THE historic Town House in Inverness is to be wrapped in specialist material and decorated with a full-size image of its frontage during the start of £4.2 million repairs.
Highland Council has asked for the wrapping to help hide scaffolding while work is carried out on the building.
This week, work will begin on the first part of a three-phase, three-year project to maintain the structure and public safety of the historic category A-listed Inverness Town House building.
Laing Traditional Masonry (LTM), who previously worked on the Inverness Steeple project, have been awarded a £1.2million contract for the first phase of works, including stone repairs and replacement and roof repairs.
As the scaffolding will be present on the front exterior of the Town House for two years, the council - recognising the visual impact that this will have on the city centre location - has specified the need for a specialist building wrap to be installed on the scaffolding which will depict a full-sized image of the front of the Town House.
Ground level hoardings will also be installed depicting images of the history of the Town House.
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Inverness City leader, councillor Ian Brown, said: “These essential works will help to safeguard the future of the Town House for generations to come.”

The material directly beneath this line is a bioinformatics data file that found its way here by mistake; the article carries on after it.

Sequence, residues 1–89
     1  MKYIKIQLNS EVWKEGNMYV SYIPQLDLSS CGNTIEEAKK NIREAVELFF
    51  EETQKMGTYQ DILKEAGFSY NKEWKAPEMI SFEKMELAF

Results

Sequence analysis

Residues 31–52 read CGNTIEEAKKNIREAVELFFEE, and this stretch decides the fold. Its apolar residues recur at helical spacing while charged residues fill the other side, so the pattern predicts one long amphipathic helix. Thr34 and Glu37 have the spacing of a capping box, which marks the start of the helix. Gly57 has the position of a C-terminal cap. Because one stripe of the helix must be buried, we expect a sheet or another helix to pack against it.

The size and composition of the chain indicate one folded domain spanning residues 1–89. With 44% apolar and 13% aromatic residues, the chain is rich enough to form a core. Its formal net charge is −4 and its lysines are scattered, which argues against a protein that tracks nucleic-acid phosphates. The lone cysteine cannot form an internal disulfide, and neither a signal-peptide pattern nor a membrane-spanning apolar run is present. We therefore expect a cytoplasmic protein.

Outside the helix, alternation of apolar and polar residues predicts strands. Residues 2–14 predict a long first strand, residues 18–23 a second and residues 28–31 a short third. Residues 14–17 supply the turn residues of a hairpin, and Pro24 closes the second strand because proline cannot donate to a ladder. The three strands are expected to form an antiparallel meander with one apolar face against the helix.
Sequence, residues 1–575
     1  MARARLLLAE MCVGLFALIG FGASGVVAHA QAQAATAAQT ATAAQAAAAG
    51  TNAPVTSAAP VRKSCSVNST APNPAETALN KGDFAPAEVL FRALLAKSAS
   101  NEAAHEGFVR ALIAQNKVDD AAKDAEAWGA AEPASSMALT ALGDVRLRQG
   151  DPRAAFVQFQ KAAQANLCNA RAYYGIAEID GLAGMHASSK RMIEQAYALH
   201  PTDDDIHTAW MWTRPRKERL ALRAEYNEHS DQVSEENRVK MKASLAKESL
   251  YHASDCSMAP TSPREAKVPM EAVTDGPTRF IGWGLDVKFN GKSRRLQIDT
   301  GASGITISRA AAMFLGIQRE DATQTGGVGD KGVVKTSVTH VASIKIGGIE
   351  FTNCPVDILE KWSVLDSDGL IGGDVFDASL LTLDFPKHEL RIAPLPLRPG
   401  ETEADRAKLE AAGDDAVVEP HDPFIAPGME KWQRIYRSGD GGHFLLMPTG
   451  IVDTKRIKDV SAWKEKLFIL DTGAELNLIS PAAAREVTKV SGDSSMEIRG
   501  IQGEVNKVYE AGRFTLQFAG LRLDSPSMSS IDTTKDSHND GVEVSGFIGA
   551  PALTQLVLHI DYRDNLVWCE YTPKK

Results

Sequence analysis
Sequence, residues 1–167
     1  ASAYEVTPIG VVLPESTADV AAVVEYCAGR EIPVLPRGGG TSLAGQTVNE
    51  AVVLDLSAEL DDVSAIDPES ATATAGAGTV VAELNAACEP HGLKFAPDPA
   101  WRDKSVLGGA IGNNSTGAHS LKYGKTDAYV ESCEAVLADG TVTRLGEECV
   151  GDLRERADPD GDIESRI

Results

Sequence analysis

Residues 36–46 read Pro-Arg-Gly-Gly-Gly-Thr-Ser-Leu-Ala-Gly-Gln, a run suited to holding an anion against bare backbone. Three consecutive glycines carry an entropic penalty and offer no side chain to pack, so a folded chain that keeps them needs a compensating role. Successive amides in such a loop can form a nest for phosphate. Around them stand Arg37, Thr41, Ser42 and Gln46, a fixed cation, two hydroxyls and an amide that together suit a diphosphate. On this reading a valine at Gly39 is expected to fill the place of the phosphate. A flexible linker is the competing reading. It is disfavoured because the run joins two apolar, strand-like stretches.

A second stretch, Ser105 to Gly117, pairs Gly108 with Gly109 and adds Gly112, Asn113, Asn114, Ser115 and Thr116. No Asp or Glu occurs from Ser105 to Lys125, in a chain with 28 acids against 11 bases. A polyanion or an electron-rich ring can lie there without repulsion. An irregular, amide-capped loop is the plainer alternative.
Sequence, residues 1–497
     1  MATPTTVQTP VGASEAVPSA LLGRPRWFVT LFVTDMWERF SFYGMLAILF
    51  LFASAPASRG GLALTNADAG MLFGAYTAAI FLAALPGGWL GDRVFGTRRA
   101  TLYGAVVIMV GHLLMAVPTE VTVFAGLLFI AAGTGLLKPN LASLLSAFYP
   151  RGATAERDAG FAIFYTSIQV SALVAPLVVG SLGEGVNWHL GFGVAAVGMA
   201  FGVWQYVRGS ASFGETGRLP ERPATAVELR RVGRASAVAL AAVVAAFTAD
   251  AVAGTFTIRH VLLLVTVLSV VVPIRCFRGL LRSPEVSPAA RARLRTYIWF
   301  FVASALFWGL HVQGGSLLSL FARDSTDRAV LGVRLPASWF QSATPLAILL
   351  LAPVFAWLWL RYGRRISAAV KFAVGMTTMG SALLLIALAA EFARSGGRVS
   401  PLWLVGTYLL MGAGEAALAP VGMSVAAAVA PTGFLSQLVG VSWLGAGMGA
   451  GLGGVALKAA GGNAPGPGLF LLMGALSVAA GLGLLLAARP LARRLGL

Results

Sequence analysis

The Town House is owned by the Inverness Common Good Fund. The last major repairs to the Town House stonework were undertaken in 1956.
Since then, small localised repairs have been carried out. In 2009 an inspection of the Town House reported deterioration at a greater rate than expected.
In May 2013, a fully detailed survey was undertaken which found that repairs were required to the stonework, roof and windows of the building.
Inverness Town House, on the corner of Castle Street and High Street, was built between 1878 and 1882 by the architects Matthews and Lawrie, Inverness. The building cost £12,500 to build.
The building hosted the only gathering of Liberal Prime Minister David Lloyd George’s UK government cabinet outside London.
He was on holiday in Gairloch, Wester Ross, and brought his ministers together in Inverness in September 1921. The meeting was called following Ireland’s rejection of the King.